Oct. 8, 2010

By Jeff White (jwhite@virginia.edu)

CHARLOTTESVILLE — From his wheelchair, a young man looked down on the field at Scott Stadium last Saturday. He watched as No. 18 slipped behind the Florida State secondary, hauled in a pass and sprinted to the end zone to complete a 76-yard play.

“It’s about time he got a long one,” Nick Burd said later.

Don’t be misled. This hard-core UVa fan was just having a little fun at his kid brother’s expense. Nick Burd, 24, takes enormous pride in the play of Kris Burd, who has emerged as an all-ACC candidate at wideout.

With 22 catches for 378 yards and 4 touchdowns, the 5-11, 195-pound redshirt junior leads the Wahoos in each of those categories. He’s also the first UVa player since tight end Heath Miller in 2003 to have back-to-back games with at least 100 yards receiving.

Burd totaled 119 yards versus VMI and 118 against Florida State.

“It’s amazing,” Nick said. “It’s just like the old days and watching him play in the backyard. Just more people rooting him on with me.”

Before Kris became a football standout at Matoaca High — he was named Central Region offensive player of the year as a 12th-grader — Nick, who stood 6-4, made headlines as an athlete at the Chesterfield County school near Petersburg.

“He was a beast in basketball,” Kris said.

After graduating from Matoaca in 2004, Nick spent a year at the Naval Academy Prep School in Newport, R.I., and then enrolled at Southside Virginia Community College. His plan was to transfer to VMI, where he would play ball and be reunited his friend Reggie Williams, now with the NBA’s Golden State Warriors.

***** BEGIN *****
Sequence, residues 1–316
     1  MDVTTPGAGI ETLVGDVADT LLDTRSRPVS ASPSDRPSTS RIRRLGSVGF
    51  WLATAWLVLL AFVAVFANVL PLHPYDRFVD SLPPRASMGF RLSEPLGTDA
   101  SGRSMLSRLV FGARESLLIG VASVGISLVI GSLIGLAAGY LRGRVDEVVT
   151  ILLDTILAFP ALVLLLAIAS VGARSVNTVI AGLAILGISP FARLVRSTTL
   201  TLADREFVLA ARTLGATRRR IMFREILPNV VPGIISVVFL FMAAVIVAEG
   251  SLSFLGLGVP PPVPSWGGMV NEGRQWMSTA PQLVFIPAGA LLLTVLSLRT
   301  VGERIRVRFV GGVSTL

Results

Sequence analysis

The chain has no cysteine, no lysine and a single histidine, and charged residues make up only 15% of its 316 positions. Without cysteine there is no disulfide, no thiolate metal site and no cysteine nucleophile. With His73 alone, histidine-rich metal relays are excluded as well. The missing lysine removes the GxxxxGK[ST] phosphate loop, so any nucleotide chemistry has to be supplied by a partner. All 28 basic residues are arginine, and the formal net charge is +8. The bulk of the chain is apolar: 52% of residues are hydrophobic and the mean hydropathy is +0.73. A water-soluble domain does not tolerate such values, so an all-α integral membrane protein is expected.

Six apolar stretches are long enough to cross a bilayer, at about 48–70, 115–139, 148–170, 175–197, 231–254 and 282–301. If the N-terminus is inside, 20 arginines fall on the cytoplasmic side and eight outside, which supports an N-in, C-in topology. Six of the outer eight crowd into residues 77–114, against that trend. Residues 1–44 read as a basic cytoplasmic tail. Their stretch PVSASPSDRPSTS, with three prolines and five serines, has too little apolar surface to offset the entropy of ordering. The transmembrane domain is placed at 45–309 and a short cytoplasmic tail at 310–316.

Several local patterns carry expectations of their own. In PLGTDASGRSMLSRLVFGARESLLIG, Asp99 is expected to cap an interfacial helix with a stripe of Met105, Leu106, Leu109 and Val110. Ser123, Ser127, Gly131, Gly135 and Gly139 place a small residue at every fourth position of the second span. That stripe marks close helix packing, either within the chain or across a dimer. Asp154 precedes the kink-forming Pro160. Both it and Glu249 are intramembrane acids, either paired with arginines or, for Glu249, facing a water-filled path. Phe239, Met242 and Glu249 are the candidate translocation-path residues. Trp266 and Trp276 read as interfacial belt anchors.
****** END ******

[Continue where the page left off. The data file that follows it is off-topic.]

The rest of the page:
But in November 2005, Nick was in a car wreck that left him paralyzed from the chest down.

In an instant, Nick’s life changed. So did Kris’. He was three grades behind Nick in school, but the brothers were exceptionally close.

“We were together all day every day,” Nick recalled. “He was like my shadow in front.”

They played basketball and football together, with Nick’s friends, not Kris’. And that helped Kris become the player he is today.

“Just playing pickup football, being younger than everyone else, it kind of builds a toughness, a fearless attitude,” Kris said.

“I think I did a good job with him,” Nick said with a laugh. “We used to beat him up.”

The wreck meant the end of backyard games for Nick. Kris’ brother, his friend, his role model, the gifted athlete who once soared to the rim, was now lying in a hospital bed, unable to move most of his body.

“It made me realize how fragile life really is,” Kris recalled. “Just from that morning getting the phone call and then going up to the hospital, and [the doctors] not knowing. It could have gone either way.

“It’s a tough thing to grasp. Just looking at him there helpless, it makes you cherish the things you’ve got and use all of the tools that you have, athletically, because of a lot of people can’t do what you do.”

After leaving the hospital, Nick spent about six months at the Woodrow Wilson Rehabilitation Center in Staunton. There have been setbacks, but his persistence is paying off. Nick, who lives in Ettrick, returned to school this year — he’s taking classes at John Tyler Community College — and hopes to become a high school teacher and coach.

He has a new wheelchair that he can take apart and put together by himself, and he can get into his car, a Crown Victoria, on his own.

“He’s definitely on the right track,” Kris said. “He’s getting his life together.”

UVa football is a big part of that life. Nick makes all of the Cavaliers’ games at Scott Stadium, along with other relatives, including parents Terry and Roy Burd, sister Jasmine and another brother, Dejuan Hutchins, who also played football at Matoaca.